Marketing Theories – Boston Consulting Group Matrix
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If you are working with a product portfolio you have a range of tools at your disposal to determine how each one or a group of the products are doing. You could consider using the Product Life Cycle but if you need a current “snap shot” of how the products are doing you would benefit more from using the Boston Consulting Group Matrix.
Back in 1968 a clever chap from Boston Consulting Group, Bruce Henderson, created this chart to help organisations with the task of analysing their product line or portfolio.
The matrix assess products on two dimensions. The first dimension looks at the products general level of growth within its market. The second dimension then measures the product’s market share relative to the largest competitor in the industry. Analysing products in this way provides a useful insight into the likely opportunities and problems with a particular product.
Products are classified into four distinct groups, Stars, Cash Cows, Problem Child and Dog. Lets have a look at what each one means for the product and the decision making process.
Stars (high share and high growth)
Star products all have rapid growth and dominant market share. This means that star products can be seen as market leading products. These products will need a lot of investment to retain their position, to support further growth as well as to maintain its lead over competing products. This being said, star products will also be generating a lot of income due to the strength they have in the market. The main problem for product portfolio managers it to judge whether the market is going to continue to grow or whether it will go down. Star product can become Cash Cows as the market growth starts to decline if they keep their high market share.
Cash Cows (high share, low growth)
Cash cows don’t need the same level of support as before. This is due to less competitive pressures with a low growth market and they usually enjoy a dominant position that has been generated from economies of scale. Cash cows are still generating a significant level of income but is not costing the organisation much to maintain. These products can be “milked” to fund Star products.
Dogs (low share, low growth)
Product classified as dogs always have a weak market share in a low growth market. These products are very likely making a loss or a very low profit at best. These products can be a big drain on management time and resources. The question for managers are whether the investment currently being spent on keeping these products alive, could be spent on making something that would be more profitable. The answer to this question is usually yes.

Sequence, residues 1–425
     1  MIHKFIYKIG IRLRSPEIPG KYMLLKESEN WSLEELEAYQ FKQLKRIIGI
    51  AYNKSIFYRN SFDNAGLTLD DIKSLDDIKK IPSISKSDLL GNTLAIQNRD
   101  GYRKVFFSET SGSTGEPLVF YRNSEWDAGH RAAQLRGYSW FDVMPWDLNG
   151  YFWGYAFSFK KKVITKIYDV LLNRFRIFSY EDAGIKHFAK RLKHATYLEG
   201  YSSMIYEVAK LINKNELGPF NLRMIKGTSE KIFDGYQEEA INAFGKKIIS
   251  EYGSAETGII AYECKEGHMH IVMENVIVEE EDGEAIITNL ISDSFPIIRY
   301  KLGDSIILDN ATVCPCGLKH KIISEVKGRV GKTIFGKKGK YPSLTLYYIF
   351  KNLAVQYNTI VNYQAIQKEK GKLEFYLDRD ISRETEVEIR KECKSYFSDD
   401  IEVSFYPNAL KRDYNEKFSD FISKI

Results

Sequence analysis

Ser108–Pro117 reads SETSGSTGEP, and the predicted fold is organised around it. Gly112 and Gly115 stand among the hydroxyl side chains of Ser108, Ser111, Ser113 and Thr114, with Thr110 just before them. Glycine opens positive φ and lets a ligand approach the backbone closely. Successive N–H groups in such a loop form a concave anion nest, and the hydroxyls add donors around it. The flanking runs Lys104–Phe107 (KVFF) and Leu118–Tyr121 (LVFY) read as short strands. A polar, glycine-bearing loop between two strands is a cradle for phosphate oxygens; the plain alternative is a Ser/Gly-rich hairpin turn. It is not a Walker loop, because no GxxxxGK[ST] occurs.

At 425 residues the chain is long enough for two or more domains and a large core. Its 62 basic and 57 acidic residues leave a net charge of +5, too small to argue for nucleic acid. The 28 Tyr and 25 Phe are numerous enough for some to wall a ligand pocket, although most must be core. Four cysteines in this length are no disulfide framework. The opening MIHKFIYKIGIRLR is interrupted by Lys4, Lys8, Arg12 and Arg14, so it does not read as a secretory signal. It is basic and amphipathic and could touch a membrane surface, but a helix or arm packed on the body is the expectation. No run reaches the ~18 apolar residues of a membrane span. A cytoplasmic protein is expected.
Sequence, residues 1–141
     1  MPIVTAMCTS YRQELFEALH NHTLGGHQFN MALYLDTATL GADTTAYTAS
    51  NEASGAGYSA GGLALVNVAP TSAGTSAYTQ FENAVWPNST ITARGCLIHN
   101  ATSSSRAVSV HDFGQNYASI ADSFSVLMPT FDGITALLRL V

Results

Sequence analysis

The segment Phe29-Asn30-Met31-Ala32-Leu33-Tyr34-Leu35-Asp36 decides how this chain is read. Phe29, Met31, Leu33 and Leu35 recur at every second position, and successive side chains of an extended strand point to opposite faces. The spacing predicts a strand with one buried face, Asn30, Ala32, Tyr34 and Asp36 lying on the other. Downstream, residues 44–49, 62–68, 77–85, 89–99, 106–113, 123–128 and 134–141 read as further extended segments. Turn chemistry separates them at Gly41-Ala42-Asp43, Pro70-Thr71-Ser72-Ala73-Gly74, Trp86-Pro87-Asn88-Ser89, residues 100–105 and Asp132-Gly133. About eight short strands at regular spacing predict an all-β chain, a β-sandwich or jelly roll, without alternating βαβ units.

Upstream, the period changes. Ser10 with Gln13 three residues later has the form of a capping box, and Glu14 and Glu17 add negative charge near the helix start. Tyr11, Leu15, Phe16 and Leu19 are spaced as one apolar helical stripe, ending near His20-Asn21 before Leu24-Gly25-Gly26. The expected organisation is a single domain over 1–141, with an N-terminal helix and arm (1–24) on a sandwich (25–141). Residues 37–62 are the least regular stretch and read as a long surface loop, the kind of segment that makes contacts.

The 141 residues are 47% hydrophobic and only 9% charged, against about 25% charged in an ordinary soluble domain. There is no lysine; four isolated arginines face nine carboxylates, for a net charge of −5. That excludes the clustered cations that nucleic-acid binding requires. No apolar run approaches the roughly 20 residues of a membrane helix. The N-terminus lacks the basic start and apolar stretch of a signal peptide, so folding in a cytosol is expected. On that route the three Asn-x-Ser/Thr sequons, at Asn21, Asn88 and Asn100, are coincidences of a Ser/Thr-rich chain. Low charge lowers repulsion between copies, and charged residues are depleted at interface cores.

Problem Child (low share, high growth)
Also sometime referred to as Question Marks, these products prove to be tricky ones for product managers. These products are in a high growth market but does not seem to have a high share of the market. The could be reason for this such as a very new product to the market. If this is not the case, then some questions need to be asked. What is the organisation doing wrong? What is competitors doing right? It could be that these products just need more investment behind them to become Stars.
A completed matrix can be used to assess the strenght of your organisation and its product portfolio. Organisations would ideally like to have a good mix of cash cows and stars. There are four assumptions that underpin the Boston Consulting Group Matrix:
- If you want to gain market share you will need to invest in a competitive package, especially through investment in marketing
- Market share gains have the potential to generate a cash surplus due to the effect of economies of scale.
- The maturity stage of the product life cycle is where any cash surplus is most likely to be generated
- The best opportunities to build a strong market position usually occur during a market’s growth period.
We hope that you have found this information useful. This theory forms part of the syllabus for some of the CIM courses that we offer. Please have a look at these if you would like to further your marketing knowledge and skills.
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